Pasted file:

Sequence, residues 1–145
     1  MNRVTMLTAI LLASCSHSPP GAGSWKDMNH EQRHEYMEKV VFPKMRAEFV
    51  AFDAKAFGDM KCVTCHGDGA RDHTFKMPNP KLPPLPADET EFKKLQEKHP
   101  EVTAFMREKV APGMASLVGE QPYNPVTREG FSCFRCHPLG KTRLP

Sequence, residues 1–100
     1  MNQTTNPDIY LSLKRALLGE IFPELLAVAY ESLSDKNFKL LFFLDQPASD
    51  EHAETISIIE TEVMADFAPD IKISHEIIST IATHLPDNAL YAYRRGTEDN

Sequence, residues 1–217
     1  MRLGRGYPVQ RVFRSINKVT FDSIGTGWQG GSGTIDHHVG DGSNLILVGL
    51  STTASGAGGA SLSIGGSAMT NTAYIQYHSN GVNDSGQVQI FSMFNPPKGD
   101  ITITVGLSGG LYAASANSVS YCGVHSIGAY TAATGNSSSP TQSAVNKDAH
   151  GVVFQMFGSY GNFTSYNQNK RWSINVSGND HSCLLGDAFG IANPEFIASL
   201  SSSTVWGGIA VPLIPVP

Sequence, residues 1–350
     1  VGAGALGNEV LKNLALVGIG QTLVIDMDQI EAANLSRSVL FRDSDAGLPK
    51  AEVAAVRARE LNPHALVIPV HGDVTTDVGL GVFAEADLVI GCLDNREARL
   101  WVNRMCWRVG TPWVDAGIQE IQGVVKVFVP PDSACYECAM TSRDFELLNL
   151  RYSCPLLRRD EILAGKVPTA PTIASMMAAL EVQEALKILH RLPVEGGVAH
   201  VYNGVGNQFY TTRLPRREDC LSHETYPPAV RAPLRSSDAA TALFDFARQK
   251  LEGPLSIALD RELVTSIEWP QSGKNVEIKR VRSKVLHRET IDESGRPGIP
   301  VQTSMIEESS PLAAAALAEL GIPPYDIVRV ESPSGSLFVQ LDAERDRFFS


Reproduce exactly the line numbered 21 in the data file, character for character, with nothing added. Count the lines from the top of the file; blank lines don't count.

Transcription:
   301  VQTSMIEESS PLAAAALAEL GIPPYDIVRV ESPSGSLFVQ LDAERDRFFS